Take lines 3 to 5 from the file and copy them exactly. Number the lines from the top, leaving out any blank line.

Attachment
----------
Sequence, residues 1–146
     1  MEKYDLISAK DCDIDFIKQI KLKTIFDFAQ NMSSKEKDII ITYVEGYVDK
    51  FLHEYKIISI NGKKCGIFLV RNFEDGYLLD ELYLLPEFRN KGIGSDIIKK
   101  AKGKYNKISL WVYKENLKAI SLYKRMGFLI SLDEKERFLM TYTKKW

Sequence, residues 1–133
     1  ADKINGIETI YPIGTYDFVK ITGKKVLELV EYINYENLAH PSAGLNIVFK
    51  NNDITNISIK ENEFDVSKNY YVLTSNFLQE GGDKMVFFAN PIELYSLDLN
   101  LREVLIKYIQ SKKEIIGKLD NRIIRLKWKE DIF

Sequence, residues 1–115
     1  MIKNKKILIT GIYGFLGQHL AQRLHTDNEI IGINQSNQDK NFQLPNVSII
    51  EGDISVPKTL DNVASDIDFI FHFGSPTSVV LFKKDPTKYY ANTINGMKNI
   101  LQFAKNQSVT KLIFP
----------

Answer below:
    51  FLHEYKIISI NGKKCGIFLV RNFEDGYLLD ELYLLPEFRN KGIGSDIIKK
   101  AKGKYNKISL WVYKENLKAI SLYKRMGFLI SLDEKERFLM TYTKKW

Sequence, residues 1–133